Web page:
Click Fraud Is In the Spotlight Once Again

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People just love conspiracy theories. Usually they have to do with the government that controls the world. Now the emphasis is shifting to the companies that control the world (read Google). When Americans found out that their government was secretly listening to their conversations and reading their emails, the first to panic were the homestay moms in Iowa. Every time Google and Yahoo are accused of covering up the click fraud problem, we see businesses that don’t even advertise online screaming their lungs out.

One thing I’ve noticed is that news services love to cover click fraud. In my opinion, there are two reasons for this phenomenon. One, they tend to have little to say about SEO and other more complex issues. Two, people love to read about Google stealing $10,000 from their AdWords campaign, even if they spend $100 per month on pay-per-click advertising.

As a good example, BusinessWeek ran a cover story on click fraud for this week. From the article:

“The spreading scourge [click fraud] poses the single biggest threat to the Internet’s advertising gold mine and is the most nettlesome question facing Google and Yahoo, whose digital empires depend on all that gold.”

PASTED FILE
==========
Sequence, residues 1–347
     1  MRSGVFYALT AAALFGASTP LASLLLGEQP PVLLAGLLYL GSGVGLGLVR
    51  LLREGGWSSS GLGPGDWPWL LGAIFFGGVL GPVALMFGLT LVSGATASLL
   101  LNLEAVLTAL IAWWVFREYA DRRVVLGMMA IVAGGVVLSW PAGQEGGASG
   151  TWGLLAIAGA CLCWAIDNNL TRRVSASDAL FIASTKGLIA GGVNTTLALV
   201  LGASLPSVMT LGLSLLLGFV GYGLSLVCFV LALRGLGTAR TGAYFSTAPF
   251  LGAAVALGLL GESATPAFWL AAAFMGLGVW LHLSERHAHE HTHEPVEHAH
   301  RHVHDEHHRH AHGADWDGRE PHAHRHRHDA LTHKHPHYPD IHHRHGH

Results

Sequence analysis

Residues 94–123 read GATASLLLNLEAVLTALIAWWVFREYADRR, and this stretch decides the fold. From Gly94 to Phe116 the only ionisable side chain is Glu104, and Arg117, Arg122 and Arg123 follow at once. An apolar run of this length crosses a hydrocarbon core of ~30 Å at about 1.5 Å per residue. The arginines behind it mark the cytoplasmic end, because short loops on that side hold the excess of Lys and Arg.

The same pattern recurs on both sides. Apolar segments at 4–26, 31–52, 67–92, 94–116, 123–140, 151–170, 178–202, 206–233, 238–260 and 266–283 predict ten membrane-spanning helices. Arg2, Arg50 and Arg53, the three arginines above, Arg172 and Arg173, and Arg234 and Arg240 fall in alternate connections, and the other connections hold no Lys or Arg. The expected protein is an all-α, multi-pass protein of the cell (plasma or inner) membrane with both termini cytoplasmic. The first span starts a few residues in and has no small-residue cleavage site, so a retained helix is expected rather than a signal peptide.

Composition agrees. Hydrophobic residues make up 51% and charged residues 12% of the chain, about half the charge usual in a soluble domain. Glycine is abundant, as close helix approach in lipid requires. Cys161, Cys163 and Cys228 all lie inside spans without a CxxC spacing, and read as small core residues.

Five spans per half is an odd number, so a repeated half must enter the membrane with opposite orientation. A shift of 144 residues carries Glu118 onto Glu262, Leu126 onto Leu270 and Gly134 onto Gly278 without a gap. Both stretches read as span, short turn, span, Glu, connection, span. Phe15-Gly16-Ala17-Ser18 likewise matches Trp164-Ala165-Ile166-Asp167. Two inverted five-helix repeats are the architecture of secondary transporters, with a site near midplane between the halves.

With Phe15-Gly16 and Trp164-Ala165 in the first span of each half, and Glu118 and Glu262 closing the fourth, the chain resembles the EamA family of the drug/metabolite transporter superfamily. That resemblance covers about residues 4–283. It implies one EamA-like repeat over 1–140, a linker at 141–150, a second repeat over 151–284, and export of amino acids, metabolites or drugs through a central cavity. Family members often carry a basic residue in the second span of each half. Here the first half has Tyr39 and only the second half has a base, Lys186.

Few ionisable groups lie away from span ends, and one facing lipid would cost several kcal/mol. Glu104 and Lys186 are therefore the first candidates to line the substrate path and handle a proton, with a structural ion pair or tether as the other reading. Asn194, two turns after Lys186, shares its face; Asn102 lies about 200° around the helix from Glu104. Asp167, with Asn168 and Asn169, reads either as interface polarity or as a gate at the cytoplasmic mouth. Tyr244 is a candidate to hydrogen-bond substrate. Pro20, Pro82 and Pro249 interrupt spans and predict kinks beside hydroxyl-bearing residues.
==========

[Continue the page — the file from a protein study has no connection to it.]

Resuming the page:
So is click fraud really a problem? Yes, it is. And yes, major search engines don’t like to talk about it. However, that does not mean that they are conspiring against your business.

You should know that there are plenty of other ways for you to lose money besides fraudulent clicks. Here are a few for you to consider:

Technical issues with your website. Are you monitoring the downtime of your website? If not, you should. How about dead links? How many potential customers have you lost to technical problems with your website?

Landing pages. Are you split testing your landing pages? Do you have custom landing pages for each of your products/services? How much money have you lost in wasted clicks because your visitors arrive at the landing page that is not targeted?

Ad copy. Do you use custom ad copies for each of your keywords? How much money have you lost paying for the visitors that are not interested in your product?

For an average BtoC website, 2% conversion rate is pretty good. If you are worried about money lost to click fraud, consider how much money you lose to wasted opportunities.

About the Author

Andrey Milyan was the first editor-in-chief of Search Marketing Standard, the leading print publication covering the search marketing industry. He has been following and reporting on industry developments for over 10 years. Andrey now works in the paid search sector of a prominent search marketing agency.

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